It may be obvious to Grunebaum that “Hands Across The Bay” was the rather naïve
epithet for a series of philosophical seminars held alternatively at Stanford
and Berkeley (where he taught).
McEvoy: “When I spoke of the "obvious" it was really a concession.” And this
may give me an opportunity to expand of Grunebaun’s reference to Hardy:
In a lecture, G. H. Hardy announced that a proposition, at which point one of
his addressees demurred and said that it was not obvious. Hardy then halted the
lecture, paced outside the lecture room for a quarter of an hour, returned, and
said “It is obvious.” Grunebaum is discussing Moore’s defence of common sense,
and notes: “This [defence] seems to consist in the presumed acceptability of
the obvious. But this seems unsatisfactory on the grounds that the conceptION
of the OBVIOUS is NOT an objective conception. Obviousness requires consent, on
the part of the parties concerned, on the OBVIOUSNESS of the OBVIOUS.” At this
point it might do to expand on Grunebaum’s reminiscence (I’m rephrasing it a
bit, for emphasis):
i. G. H. HARDY: And “p” is, obviously, very obvious.
P. D’UBERVILLE: It’s not obvious to me!
HARDY interrupts the exchange for a quarter of an hour and returns.
HARDY: “p” _is_ obvious.
Surely Hardy has not yet shared with D’Uberville, to echo Grunebaum, the reason
why what is obvious to Hardy should be obvious to D’Uberville. We can imagine a
ii. Hardy: It is obvious that C.
D’Uberville: It is not!
Hardy: But it is. It obviously derives from premises P1 and P2, which are
D’Uberville: What is OBVIOUS to me is that your conceptION of the obvious is
hardly obvious to me. You are accepting rules of inference that I don’t. And,
worse, in the formulation of premises P1 and P2 you are just using different
formation rules! You seem enamoured with Layman Allen’s “WFF ‘N PROOF,” which,
while I find charming, object to its being based on Polish notation, rather
than the good ole one of the good ole Principia Mathematica by good ole
Whitehead and Russell!
Hardy: But surely it is obvious what was behind Layman Allen’s choice!
D’uberville: To thee! But pray, what is it that you find so obvious in Allen’s
Hardy: Allen is following Lukasiewicz’s original notation. And Allen’s
rule-book explicitly refers to this source. Allen thought it obvious it would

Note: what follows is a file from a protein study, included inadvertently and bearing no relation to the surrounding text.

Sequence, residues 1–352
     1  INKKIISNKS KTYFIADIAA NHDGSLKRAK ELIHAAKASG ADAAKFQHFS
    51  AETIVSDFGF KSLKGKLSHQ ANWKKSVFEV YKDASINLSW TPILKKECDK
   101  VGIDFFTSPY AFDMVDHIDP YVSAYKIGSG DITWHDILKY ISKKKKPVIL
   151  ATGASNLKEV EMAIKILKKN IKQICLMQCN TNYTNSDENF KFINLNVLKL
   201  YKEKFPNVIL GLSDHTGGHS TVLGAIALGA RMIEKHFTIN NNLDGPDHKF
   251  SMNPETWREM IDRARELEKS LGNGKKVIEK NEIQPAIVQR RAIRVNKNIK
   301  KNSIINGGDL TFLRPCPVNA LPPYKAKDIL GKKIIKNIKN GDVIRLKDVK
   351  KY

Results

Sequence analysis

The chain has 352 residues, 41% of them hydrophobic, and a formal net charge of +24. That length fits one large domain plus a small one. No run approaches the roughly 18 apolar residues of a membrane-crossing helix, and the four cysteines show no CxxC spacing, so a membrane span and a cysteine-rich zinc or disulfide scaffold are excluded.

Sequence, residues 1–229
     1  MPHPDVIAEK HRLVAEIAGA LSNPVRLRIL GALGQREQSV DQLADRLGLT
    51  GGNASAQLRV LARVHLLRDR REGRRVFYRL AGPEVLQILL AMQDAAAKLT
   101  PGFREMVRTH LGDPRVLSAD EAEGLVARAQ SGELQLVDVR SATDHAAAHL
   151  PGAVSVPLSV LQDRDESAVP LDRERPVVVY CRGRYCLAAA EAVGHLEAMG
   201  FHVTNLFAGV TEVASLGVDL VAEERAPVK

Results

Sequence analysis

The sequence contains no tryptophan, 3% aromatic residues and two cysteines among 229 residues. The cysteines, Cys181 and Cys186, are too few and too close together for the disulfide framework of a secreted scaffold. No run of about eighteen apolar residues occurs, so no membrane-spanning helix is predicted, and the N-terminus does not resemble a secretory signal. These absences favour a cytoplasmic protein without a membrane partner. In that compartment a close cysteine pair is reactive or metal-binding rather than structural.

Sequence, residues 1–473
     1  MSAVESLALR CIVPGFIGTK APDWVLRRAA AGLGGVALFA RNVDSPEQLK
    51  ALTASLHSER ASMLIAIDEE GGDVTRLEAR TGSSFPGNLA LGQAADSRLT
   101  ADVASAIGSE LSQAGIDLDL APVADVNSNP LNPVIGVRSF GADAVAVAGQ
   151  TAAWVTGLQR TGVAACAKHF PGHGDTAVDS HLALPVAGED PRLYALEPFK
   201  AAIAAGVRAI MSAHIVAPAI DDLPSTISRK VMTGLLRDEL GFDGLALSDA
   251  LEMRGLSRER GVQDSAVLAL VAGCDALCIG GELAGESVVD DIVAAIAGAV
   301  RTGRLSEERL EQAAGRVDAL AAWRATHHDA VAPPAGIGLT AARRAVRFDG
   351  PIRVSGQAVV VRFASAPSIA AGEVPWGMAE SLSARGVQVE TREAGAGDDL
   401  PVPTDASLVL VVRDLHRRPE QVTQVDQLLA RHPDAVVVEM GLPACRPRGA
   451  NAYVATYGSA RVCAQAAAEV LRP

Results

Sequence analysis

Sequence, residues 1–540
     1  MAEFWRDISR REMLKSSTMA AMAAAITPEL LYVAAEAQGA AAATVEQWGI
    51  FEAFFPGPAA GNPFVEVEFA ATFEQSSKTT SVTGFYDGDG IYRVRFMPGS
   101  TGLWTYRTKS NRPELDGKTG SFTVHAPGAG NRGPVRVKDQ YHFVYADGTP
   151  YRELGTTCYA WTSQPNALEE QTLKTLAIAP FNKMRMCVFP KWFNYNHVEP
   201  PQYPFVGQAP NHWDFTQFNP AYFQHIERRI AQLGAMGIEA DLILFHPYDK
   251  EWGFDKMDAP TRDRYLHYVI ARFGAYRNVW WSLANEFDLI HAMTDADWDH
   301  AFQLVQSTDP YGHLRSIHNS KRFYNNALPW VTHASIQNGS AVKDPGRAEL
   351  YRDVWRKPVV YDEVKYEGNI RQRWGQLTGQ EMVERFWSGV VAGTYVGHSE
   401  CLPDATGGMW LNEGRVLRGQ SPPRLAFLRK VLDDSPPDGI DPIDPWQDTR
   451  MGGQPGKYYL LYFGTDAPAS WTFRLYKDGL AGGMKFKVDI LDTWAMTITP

have been tricky to use, on dice, the “Principia Mathematica” symbols, or
variants thereof: consider “˄” and “˅” which are sometimes used to represent
“and” and “or”. You OBVIOUSLY cannot have THOSE on dice, without causing a
McEvoy goes on: “What might appear obvious when spelled out might not be
beforehand, etc.” And even afterhand, as Beckett would have it. Is the
etymology of ‘obvious’ obvious? For the Ancient Romans, it meant, “in the way,
so as to meet, meeting, to meet”.
McEvoy: “Darwin's theory of natural selection was one where, when understood,
it appeared obvious” The “when understood” seems to beg the question, and as
Lewis Carroll says, “it’s not respectable to beg.” I grant it would perhaps be
less obvious to see what happens with Darwin’s natural-selection theory when it
is MISunderstood (as it often has!).
McEvoy goes on: “… in a kind of 'Why did no one think of that before?' way.”
Well, ‘obvius,’ in Latin, means, strictly, ‘[that is] in the way.’ It is an
adjective (and as Humpty Dumpty notes, they are the trickiest) which derives
from an adverb, “obviam,” where “obviam” is a complex expression from “ob,” the
preposition for “in front of” or “against,” and “viam,” the accusative of
So I would think it all depends on which way you are taking. It seems more
obvious to think that the SENSE of ‘obvious’ developed from ‘ob’ meaning ‘in
front of’. Something would be obvious if and only if that something were right
“in front of” one’s way. But they may be some Roman bias implicit here, since
they thought all roads led to their capital, while they actually lead to